By Taylor Martin | March 28, 2013 6:25 PM
From the moment the Pebble Kickstarter began, nearly one year ago, it has stolen the spotlight in the smartwatch sector. Although quite simplistic in nature, it is the best implementation of wearable technology to reach consumer hands to date.
Pebble will not turn you into a super spy. It won't drastically change your life. And it's not going to knock your socks off with an abundance of functionality, out of the box. It aims to solve a few, simple problems, like allowing you to keep your phone in your pocket more – glance at your wrist and determine whether a notification is worth responding to immediately or not.
Applications for Pebble, however, can stretch far and wide. This morning, for example, I used Pebble to change the song streaming through Spotify on my Note II from the shower. And I've been playing Snake off and on since the Pebble arrived in my mail box yesterday afternoon.
But watching my colleagues enjoy their Pebbles while I waited for mine to ship from China was agonizing. I spent my time thinking of different things I could do with my Pebble once it arrived. And as soon as I opened my mail box and saw the Pebble box, I ran back to my apartment, tore into the box and started hacking away. (Okay, “hacking”.)
Here are some of the cool, non-traditional uses for Pebble that I have found.
Get weather updates
I keep a weather notification in my notification shade on my Android device at all times (thank you, Beautiful Widgets). I don't actually check the weather often. But every morning, I pull the shade down to see what the high for the day will be. It's quick and effortless.
Seeing as Pebble is built to deliver notifications to my wrist, though, I figured I could take every ounce of effort out of looking up weather. And since looking it up, I have found a couple different ways to deliver weather updates to Pebble.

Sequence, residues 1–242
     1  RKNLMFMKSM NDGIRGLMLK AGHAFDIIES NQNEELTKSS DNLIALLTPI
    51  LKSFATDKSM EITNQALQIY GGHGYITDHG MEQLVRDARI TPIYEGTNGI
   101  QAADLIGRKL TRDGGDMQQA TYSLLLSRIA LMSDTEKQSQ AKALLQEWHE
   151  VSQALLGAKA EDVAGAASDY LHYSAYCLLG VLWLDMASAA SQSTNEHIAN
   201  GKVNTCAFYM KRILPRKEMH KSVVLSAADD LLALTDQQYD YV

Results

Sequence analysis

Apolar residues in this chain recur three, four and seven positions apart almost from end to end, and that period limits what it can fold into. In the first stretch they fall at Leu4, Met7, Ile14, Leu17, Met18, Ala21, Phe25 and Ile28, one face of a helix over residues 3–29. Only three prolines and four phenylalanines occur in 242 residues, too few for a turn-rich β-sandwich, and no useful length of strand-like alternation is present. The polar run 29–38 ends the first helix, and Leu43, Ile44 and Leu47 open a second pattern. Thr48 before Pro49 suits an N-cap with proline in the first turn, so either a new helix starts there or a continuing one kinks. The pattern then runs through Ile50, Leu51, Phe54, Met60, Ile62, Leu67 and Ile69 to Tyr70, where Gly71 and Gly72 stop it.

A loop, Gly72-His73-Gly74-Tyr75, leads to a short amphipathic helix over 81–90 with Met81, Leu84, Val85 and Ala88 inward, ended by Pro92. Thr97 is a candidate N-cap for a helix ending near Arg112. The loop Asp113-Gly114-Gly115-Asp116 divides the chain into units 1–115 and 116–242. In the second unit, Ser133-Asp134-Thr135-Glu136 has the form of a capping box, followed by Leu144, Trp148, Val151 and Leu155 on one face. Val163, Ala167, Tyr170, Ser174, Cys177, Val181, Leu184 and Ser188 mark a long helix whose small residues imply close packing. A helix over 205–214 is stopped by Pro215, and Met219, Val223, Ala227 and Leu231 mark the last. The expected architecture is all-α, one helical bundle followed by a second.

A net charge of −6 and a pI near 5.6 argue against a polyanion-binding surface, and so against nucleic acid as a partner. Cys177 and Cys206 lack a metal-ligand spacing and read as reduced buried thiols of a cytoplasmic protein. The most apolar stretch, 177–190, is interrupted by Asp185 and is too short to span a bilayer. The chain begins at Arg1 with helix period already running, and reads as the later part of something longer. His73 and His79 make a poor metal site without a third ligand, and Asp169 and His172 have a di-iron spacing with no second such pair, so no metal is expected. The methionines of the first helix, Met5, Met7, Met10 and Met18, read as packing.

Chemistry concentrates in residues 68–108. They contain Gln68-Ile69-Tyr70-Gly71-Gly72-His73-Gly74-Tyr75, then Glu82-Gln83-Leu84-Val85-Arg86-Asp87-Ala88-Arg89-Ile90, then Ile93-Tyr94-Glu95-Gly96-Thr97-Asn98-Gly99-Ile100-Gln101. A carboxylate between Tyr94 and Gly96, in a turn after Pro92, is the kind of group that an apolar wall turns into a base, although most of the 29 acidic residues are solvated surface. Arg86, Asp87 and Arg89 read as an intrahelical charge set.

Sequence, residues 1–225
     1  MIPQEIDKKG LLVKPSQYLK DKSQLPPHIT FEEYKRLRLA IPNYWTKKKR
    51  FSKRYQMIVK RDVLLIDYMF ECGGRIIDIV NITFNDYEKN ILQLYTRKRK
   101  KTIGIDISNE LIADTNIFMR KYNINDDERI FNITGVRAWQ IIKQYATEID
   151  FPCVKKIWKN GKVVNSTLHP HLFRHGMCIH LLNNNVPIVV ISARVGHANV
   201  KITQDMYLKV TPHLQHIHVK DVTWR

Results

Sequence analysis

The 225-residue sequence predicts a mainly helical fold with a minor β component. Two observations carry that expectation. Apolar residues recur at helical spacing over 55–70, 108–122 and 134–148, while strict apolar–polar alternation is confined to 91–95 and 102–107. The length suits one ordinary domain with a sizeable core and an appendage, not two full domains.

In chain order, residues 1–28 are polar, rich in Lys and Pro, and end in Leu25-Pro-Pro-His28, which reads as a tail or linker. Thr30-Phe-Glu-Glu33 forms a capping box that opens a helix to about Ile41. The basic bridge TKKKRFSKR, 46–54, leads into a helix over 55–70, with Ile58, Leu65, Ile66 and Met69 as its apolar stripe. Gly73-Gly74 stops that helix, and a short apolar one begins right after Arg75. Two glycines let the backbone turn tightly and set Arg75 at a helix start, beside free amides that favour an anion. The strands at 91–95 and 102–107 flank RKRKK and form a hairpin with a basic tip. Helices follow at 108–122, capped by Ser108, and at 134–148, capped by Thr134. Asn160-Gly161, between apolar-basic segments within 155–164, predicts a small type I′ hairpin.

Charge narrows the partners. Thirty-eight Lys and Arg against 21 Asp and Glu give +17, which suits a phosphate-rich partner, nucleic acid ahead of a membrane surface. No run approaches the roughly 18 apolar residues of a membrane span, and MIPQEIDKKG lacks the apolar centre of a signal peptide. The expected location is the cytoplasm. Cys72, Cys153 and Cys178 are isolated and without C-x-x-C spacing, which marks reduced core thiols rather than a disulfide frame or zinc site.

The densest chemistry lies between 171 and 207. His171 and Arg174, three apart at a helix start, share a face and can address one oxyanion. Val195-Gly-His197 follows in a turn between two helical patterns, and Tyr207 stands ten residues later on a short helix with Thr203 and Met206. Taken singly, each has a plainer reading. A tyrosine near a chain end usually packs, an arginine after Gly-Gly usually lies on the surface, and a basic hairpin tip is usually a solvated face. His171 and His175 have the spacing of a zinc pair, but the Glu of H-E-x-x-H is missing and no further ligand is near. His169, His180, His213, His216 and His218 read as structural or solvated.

When sitting in the Pebble press conference at CES, I kept thinking to myself, “I could totally set this up to use IFTTT (If This Then That) to send stuff to Pushover.” Pushover is simply a real time notification solution for Android and iOS, and IFTTT is a free, online trigger and action service that integrates dozens of services.
Basically, I logged into IFTTT and created a new recipe. I chose Weather as the trigger, selected Today's weather report for the condition and set Pushover as the action. Every morning at 8:30 AM, Pebble will light up and tell me the weather for the day. I also setup a condition for Tomorrow's forecast to ping me in the late afternoon and triggers for the weather changing to rain or snow.
This, obviously, requires the Pushover application to be installed on your Android device, which is available in the Play Store or App Store for $4.99. To save yourself some money, you could simply setup an IFTTT action to email, SMS or Google Talk you. Or you could use a basic weather application on Android or iOS to push less controlled weather updates.
Turn-by-turn navigation on your wrist
A neat feature of Pebble on iOS is the ability to receive turn-by-turn navigation from Google Maps on your wrist. Simply enable Notification Center notifications for Google Maps in Settings and the upcoming navigation directions will shoot to Pebble.
By default, this doesn't work on Android. But setting it up is quite simple. The free application Pebble Notifier enables virtually any and all notifications to be pushed to Pebble. Install Pebble Notifier and enable Google Maps. When you start navigating, Google Maps pushes the upcoming turn in the notification shade, and it gets pushed to Pebble.
I haven't had the chance to test navigating via watch, so I can't speak to how helpful it is. But it certainly works, and I could see this being helpful for someone on a motorcycle or bicycle trying to navigate, where using a smartphone might be cumbersome and … well, dangerous.